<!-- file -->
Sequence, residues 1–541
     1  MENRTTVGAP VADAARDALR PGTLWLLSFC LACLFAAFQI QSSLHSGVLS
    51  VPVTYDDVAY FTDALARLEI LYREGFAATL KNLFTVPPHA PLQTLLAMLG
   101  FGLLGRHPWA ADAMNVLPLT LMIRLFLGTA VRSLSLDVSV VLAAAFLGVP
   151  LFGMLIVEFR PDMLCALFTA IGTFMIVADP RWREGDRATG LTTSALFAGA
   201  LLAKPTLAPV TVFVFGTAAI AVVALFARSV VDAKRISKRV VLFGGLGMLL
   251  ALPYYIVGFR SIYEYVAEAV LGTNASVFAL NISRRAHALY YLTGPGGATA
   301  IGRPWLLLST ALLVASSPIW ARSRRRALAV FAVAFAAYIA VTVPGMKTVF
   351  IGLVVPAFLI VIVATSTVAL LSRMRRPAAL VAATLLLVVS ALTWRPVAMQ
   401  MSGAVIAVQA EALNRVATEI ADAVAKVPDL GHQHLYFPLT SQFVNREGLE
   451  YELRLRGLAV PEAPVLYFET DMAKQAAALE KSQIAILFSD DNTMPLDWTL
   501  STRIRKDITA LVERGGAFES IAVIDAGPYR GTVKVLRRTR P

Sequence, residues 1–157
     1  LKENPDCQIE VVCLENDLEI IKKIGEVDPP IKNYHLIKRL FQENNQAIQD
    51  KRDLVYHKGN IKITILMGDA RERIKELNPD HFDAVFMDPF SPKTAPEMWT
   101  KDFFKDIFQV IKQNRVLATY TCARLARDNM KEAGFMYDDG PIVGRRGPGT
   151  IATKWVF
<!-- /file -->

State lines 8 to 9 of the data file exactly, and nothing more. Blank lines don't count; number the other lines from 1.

   301  IGRPWLLLST ALLVASSPIW ARSRRRALAV FAVAFAAYIA VTVPGMKTVF
   351  IGLVVPAFLI VIVATSTVAL LSRMRRPAAL VAATLLLVVS ALTWRPVAMQ